Our manufacturing base has been dismantled. Speculators and swindlers have looted the U.S. Treasury and stolen billions from small shareholders who had set aside money for retirement or college. Civil liberties, including habeas corpus and protection from warrantless wiretapping, have been taken away. Basic services, including public education and health care, have been handed over to the corporations to exploit for profit. The few who raise voices of dissent, who refuse to engage in the corporate happy talk, are derided by the corporate establishment as freaks.
Attitudes and temperament have been cleverly engineered by the corporate state, as with Huxley’s pliant characters in “Brave New World.” The book’s protagonist, Bernard Marx, turns in frustration to his girlfriend Lenina:
“Don’t you wish you were free, Lenina?” he asks.
“I don’t know that you mean. I am free, free to have the most wonderful time. Everybody’s happy nowadays.”
He laughed, “Yes, ‘Everybody’s happy nowadays.’ We have been giving the children that at five. But wouldn’t you like to be free to be happy in some other way, Lenina? In your own way, for example; not in everybody else’s way.”
“I don’t know what you mean,” she repeated.
The façade is crumbling. And as more and more people realize that they have been used and robbed, we will move swiftly from Huxley’s “Brave New World” to Orwell’s “1984.” The public, at some point, will have to face some very unpleasant truths. The good-paying jobs are not coming back. The largest deficits in human history mean that we are trapped in a debt peonage system that will be used by the corporate state to eradicate the last vestiges of social protection for citizens, including Social Security. The state has devolved from a capitalist democracy to neo-feudalism. And when these truths become apparent, anger will replace the corporate-imposed cheerful conformity. The bleakness of our post-industrial pockets, where some 40 million Americans live in a state of poverty and tens of millions in a category called “near poverty,” coupled with the lack of credit to save families from foreclosures, bank repossessions and bankruptcy from medical bills, means that inverted totalitarianism will no longer work.
We increasingly live in Orwell’s Oceania, not Huxley’s The World State. Osama bin Laden plays the role assumed by Emmanuel Goldstein in “1984.” Goldstein, in the novel, is the public face of terror. His evil machinations and clandestine acts of violence dominate the nightly news. Goldstein’s image appears each day on Oceania’s television screens as part of the nation’s “Two Minutes of Hate” daily ritual. And without the intervention of the state, Goldstein, like bin Laden, will kill you. All excesses are justified in the titanic fight against evil personified.
The psychological torture of Pvt. Bradley Manning—who has now been imprisoned for seven months without being convicted of any crime—mirrors the breaking of the dissident Winston Smith at the end of “1984.” Manning is being held as a “maximum custody detainee” in the brig at Marine Corps Base Quantico, in Virginia. He spends 23 of every 24 hours alone. He is denied exercise. He cannot have a pillow or sheets for his bed. Army doctors have been plying him with antidepressants. The cruder forms of torture of the Gestapo have been replaced with refined Orwellian techniques, largely developed by government psychologists, to turn dissidents like Manning into vegetables. We break souls as well as bodies. It is more effective. Now we can all be taken to Orwell’s dreaded Room 101 to become compliant and harmless. These “special administrative measures” are regularly imposed on our dissidents, including Syed Fahad Hashmi, who was imprisoned under similar conditions for three years before going to trial. The techniques have psychologically maimed thousands of detainees in our black sites around the globe. They are the staple form of control in our maximum security prisons where the corporate state makes war on our most politically astute underclass—African-Americans. It all presages the shift from Huxley to Orwell.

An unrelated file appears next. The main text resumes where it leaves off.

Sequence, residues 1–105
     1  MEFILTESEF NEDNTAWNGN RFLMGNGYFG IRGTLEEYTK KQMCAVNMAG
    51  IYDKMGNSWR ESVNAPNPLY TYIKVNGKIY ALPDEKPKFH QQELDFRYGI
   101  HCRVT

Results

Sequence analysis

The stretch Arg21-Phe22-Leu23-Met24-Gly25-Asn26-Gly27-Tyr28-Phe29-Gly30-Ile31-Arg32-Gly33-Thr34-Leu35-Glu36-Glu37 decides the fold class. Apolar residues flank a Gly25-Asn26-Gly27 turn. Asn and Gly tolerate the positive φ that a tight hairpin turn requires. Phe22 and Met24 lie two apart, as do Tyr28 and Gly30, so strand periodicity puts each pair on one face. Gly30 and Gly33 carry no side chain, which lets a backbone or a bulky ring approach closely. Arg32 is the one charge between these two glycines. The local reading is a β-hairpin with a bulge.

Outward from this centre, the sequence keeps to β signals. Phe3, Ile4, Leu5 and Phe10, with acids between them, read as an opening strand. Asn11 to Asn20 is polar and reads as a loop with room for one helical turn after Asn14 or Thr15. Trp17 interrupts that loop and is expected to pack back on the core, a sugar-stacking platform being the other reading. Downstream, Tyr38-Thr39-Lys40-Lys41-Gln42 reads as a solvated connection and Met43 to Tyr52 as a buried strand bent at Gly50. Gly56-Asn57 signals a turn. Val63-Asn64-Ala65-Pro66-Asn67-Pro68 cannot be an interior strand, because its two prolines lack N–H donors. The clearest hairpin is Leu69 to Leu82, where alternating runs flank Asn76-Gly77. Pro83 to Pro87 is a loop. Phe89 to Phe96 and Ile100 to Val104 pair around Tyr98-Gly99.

“Never again will you be capable of ordinary human feeling,” Winston Smith’s torturer tells him in “1984.” “Everything will be dead inside you. Never again will you be capable of love, or friendship, or joy of living, or laughter, or curiosity, or courage, or integrity. You will be hollow. We shall squeeze you empty and then we shall fill you with ourselves.”
The noose is tightening. The era of amusement is being replaced by the era of repression. Tens of millions of citizens have had their e-mails and phone records turned over to the government. We are the most monitored and spied-on citizenry in human history. Many of us have our daily routine caught on dozens of security cameras. Our proclivities and habits are recorded on the Internet. Our profiles are electronically generated. Our bodies are patted down at airports and filmed by scanners. And public service announcements, car inspection stickers, and public transportation posters constantly urge us to report suspicious activity. The enemy is everywhere.
Those who do not comply with the dictates of the war on terror, a war which, as Orwell noted, is endless, are brutally silenced. The draconian security measures used to cripple protests at the G-20 gatherings in Pittsburgh and Toronto were wildly disproportionate for the level of street activity. But they sent a clear message—DO NOT TRY THIS. The FBI’s targeting of antiwar and Palestinian activists, which in late September saw agents raid homes in Minneapolis and Chicago, is a harbinger of what is to come for all who dare defy the state’s official Newspeak. The agents—our Thought Police—seized phones, computers, documents and other personal belongings. Subpoenas to appear before a grand jury have since been served on 26 people. The subpoenas cite federal law prohibiting “providing material support or resources to designated foreign terrorist organizations.” Terror, even for those who have nothing to do with terror, becomes the blunt instrument used by Big Brother to protect us from ourselves.
“Do you begin to see, then, what kind of world we are creating?” Orwell wrote. “It is the exact opposite of the stupid hedonistic Utopias that the old reformers imagined. A world of fear and treachery and torment, a world of trampling and being trampled upon, a world which will grow not less but more merciless as it refines itself.”
Chris Hedges is a senior fellow at The Nation Institute. His most recent book is Death of the Liberal Class.Understanding the CorporationGeneralDemocracy SquareDemocracy SquareDemocracy Square